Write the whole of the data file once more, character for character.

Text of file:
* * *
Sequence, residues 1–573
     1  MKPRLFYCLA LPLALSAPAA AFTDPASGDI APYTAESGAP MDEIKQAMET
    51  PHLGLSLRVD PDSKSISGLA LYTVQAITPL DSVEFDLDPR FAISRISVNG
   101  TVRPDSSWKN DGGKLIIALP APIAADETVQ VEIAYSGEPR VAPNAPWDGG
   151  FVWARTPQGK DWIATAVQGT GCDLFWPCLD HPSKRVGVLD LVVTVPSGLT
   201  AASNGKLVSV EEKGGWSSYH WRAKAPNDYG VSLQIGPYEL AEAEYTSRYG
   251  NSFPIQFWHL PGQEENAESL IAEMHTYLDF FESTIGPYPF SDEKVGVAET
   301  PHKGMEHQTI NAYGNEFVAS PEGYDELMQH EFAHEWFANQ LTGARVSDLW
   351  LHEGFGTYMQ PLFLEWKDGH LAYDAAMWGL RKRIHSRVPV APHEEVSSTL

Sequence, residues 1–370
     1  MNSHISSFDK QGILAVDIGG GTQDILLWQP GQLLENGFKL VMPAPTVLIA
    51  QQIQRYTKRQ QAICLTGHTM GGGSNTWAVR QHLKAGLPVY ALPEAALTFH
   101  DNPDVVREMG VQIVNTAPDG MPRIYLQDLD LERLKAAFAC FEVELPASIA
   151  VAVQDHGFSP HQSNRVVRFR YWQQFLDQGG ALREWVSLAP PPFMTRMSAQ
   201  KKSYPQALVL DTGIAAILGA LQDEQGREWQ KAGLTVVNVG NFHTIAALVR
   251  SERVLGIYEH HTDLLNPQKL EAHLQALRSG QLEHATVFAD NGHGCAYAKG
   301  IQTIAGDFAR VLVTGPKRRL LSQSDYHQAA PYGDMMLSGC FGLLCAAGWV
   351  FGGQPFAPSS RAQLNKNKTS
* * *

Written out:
Sequence, residues 1–573
     1  MKPRLFYCLA LPLALSAPAA AFTDPASGDI APYTAESGAP MDEIKQAMET
    51  PHLGLSLRVD PDSKSISGLA LYTVQAITPL DSVEFDLDPR FAISRISVNG
   101  TVRPDSSWKN DGGKLIIALP APIAADETVQ VEIAYSGEPR VAPNAPWDGG
   151  FVWARTPQGK DWIATAVQGT GCDLFWPCLD HPSKRVGVLD LVVTVPSGLT
   201  AASNGKLVSV EEKGGWSSYH WRAKAPNDYG VSLQIGPYEL AEAEYTSRYG
   251  NSFPIQFWHL PGQEENAESL IAEMHTYLDF FESTIGPYPF SDEKVGVAET
   301  PHKGMEHQTI NAYGNEFVAS PEGYDELMQH EFAHEWFANQ LTGARVSDLW
   351  LHEGFGTYMQ PLFLEWKDGH LAYDAAMWGL RKRIHSRVPV APHEEVSSTL

Sequence, residues 1–370
     1  MNSHISSFDK QGILAVDIGG GTQDILLWQP GQLLENGFKL VMPAPTVLIA
    51  QQIQRYTKRQ QAICLTGHTM GGGSNTWAVR QHLKAGLPVY ALPEAALTFH
   101  DNPDVVREMG VQIVNTAPDG MPRIYLQDLD LERLKAAFAC FEVELPASIA
   151  VAVQDHGFSP HQSNRVVRFR YWQQFLDQGG ALREWVSLAP PPFMTRMSAQ
   201  KKSYPQALVL DTGIAAILGA LQDEQGREWQ KAGLTVVNVG NFHTIAALVR
   251  SERVLGIYEH HTDLLNPQKL EAHLQALRSG QLEHATVFAD NGHGCAYAKG
   301  IQTIAGDFAR VLVTGPKRRL LSQSDYHQAA PYGDMMLSGC FGLLCAAGWV
   351  FGGQPFAPSS RAQLNKNKTS